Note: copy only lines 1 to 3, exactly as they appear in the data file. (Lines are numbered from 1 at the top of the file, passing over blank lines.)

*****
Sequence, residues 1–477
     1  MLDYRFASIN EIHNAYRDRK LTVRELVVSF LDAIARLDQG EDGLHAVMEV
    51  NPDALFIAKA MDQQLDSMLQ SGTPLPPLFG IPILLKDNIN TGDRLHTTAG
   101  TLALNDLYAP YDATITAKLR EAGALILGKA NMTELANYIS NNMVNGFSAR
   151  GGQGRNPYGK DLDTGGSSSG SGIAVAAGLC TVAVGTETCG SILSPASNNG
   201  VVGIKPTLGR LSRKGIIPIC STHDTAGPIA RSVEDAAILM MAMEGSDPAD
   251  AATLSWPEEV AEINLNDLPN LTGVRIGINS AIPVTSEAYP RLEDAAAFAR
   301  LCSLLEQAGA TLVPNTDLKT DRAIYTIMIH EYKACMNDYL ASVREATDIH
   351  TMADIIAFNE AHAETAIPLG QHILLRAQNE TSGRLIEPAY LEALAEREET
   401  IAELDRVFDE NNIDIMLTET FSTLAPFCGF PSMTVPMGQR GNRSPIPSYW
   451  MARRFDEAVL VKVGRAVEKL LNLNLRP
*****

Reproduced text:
Sequence, residues 1–477
     1  MLDYRFASIN EIHNAYRDRK LTVRELVVSF LDAIARLDQG EDGLHAVMEV
    51  NPDALFIAKA MDQQLDSMLQ SGTPLPPLFG IPILLKDNIN TGDRLHTTAG